In a first, Pakistan has dispatched a shipment to Uzbekistan under the Transport Internationaux Routier (TIR) agreement.
“Pakistan takes the first practical step to begin trade relations with Uzbekistan,” stated a statement issued by the Ministry of Commerce on Friday.
“A milestone has been achieved in the history of Pakistan’s transit trade as Pakistan Customs processed the first-ever TIR consignment at Torkham on Thursday, which was destined for Tashkent (Uzbekistan) via Afghanistan.”
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According to the statement, the consignment consisted of herbal medicines and it entered Afghanistan following the completion of all formalities of the Customs at Torkham border.
Adviser to Prime Minister on Commerce and Investment Abdul Razak Dawood termed the shipment a moment of great pride for Pakistan.
Topline Securities analyst Shankar Talreja, however, lamented the negligible volume of exports from Pakistan to Uzbekistan. Presenting figures, he said that in the first nine months of fiscal year 2020-21, exports to the Central Asian country amounted to just $14 million, which was less than 1% of total exports from Pakistan.
“Imports from Uzbekistan are also negligible,” he pointed out. “Products that the Central Asia nation imports from other countries include steel tubes and pipes, electronic items, cement, steel bars and textile.”
He added that Pakistan had exportable surplus in a few of these products and companies could benefit from this to achieve economies of scale and earn foreign exchange for the country. Based on data of the State Bank of Pakistan (SBP), total exports of the country rose 2.3% to $18.7 billion in the first nine months (Jul-Mar) of current fiscal year.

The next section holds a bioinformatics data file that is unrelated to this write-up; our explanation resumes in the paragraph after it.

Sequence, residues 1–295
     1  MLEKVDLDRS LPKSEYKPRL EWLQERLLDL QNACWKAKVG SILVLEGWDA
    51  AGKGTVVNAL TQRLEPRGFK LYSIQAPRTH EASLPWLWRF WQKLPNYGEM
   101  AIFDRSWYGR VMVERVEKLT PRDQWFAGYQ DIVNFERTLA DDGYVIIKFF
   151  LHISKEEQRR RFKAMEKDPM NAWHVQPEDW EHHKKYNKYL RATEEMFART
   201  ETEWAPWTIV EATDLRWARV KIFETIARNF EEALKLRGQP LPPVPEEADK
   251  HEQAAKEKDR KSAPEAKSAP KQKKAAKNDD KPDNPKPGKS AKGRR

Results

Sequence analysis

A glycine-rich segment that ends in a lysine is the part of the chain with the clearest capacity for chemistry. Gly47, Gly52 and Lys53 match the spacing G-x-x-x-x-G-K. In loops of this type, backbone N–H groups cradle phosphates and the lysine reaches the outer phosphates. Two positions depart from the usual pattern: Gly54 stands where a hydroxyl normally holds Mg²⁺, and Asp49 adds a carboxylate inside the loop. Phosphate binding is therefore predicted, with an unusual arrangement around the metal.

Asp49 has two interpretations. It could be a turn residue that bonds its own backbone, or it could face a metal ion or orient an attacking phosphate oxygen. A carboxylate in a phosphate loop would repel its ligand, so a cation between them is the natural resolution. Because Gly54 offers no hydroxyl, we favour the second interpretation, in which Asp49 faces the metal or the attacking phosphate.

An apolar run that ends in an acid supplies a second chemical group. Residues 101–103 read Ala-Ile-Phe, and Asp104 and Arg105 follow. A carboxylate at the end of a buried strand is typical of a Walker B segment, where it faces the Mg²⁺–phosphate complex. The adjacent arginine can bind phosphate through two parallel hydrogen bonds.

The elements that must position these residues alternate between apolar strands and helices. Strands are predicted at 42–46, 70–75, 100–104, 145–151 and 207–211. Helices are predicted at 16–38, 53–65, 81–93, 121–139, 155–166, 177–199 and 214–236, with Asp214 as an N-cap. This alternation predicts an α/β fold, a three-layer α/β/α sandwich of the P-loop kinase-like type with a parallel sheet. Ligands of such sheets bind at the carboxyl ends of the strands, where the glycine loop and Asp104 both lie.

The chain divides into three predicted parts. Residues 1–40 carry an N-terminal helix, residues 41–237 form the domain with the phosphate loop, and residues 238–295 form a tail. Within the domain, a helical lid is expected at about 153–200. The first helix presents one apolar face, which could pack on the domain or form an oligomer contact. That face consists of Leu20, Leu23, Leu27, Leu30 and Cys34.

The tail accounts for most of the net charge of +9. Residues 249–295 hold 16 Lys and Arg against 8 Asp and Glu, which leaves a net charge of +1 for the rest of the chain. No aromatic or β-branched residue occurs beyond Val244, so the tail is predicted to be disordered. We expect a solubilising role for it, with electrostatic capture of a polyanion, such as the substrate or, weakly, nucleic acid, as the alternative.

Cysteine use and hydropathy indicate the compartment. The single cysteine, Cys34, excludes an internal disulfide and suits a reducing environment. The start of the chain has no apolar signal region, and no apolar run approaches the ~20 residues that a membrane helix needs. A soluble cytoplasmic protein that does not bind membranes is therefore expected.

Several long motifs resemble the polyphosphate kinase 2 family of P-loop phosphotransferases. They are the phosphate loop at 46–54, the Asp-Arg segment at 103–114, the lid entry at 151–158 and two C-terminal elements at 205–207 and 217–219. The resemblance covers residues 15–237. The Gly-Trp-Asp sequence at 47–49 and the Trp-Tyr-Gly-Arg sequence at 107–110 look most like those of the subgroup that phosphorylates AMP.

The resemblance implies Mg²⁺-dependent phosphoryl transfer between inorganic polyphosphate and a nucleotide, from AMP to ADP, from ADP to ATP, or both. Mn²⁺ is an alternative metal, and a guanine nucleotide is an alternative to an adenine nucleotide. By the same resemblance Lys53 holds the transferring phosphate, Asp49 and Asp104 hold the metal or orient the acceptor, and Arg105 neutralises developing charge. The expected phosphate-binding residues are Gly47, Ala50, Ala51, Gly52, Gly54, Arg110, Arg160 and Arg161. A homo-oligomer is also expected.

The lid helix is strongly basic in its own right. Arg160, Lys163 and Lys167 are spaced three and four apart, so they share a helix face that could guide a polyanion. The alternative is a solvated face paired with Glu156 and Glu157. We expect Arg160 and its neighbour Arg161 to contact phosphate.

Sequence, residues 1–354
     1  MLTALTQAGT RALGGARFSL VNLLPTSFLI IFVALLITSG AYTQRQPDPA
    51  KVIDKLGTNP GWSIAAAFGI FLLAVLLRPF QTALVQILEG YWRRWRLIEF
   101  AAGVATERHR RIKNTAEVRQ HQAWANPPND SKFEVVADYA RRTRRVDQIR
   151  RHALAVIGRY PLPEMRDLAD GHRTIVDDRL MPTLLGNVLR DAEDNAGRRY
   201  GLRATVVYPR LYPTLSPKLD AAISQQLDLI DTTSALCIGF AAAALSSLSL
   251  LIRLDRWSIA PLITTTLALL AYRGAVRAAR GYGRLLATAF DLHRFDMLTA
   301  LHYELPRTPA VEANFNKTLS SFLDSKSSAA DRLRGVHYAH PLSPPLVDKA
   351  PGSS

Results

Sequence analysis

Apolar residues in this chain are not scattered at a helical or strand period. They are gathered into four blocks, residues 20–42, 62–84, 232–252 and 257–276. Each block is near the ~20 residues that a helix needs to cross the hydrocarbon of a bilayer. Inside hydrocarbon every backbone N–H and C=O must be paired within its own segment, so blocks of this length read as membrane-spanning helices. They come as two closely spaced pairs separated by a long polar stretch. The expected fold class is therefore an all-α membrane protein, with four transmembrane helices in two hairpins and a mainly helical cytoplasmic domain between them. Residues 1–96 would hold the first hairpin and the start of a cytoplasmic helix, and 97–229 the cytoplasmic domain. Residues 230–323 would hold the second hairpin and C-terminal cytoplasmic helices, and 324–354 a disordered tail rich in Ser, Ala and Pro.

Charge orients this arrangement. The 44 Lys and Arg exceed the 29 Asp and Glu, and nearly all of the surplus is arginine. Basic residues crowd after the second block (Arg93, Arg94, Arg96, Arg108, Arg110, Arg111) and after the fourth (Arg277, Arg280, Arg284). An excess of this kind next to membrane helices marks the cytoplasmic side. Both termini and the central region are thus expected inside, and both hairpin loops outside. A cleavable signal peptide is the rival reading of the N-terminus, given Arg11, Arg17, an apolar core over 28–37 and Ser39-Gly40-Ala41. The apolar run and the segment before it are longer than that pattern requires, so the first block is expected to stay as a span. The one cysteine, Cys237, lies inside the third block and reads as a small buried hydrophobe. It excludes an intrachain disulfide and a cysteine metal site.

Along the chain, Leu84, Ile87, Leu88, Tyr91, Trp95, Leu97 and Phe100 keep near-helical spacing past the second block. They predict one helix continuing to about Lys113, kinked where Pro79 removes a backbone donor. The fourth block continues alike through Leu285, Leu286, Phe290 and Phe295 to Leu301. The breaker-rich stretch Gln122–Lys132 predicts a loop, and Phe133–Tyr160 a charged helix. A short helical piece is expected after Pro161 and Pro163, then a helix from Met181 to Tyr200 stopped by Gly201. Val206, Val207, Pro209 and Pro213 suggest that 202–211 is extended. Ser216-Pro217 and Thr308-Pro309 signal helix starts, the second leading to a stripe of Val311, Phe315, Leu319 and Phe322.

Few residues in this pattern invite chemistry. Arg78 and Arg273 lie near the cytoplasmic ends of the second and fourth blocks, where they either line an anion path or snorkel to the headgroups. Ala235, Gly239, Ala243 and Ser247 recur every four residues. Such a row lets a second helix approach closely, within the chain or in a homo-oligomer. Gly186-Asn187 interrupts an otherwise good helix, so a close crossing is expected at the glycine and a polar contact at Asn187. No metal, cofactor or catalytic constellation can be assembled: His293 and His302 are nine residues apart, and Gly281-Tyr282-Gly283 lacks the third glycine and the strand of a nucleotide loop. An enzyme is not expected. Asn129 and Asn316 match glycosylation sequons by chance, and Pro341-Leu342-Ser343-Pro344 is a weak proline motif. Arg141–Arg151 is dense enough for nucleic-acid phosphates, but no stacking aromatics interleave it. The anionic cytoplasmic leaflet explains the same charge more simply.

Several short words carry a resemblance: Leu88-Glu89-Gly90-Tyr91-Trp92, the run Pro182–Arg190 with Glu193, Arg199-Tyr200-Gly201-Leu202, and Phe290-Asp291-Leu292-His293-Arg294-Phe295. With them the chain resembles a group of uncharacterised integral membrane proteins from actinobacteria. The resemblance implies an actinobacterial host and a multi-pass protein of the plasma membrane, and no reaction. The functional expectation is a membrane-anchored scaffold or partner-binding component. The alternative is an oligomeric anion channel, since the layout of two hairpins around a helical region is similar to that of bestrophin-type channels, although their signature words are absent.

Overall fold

Foreign shipments gained momentum in the second and third quarters of fiscal year 2020-21. “The successful TIR operation is expected to usher in a new era of trading between Pakistan and the Central Asian Republics (CARs) through land routes,” he said.
“Utilisation of the TIR agreement will streamline border procedures and save time and money of trade and transport operators,” he said.
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Pakistan became a member of the TIR Convention in 2017. The objective of the convention is to facilitate international transit by simplification of customs procedures and an international guarantee system. Under TIR, customs procedures take place at the origin and destination countries rather than at every border crossed by the shipment.
Earlier, Dawood attended a briefing on recent developments in trade and connectivity of Pakistan with the neighbouring regions. During the meeting, he said that connectivity with trading partners was vital for viable trade relations.
“The structure and efficiency of connectivity networks enable access to markets and should be considered a facet of trade competitiveness,” he said.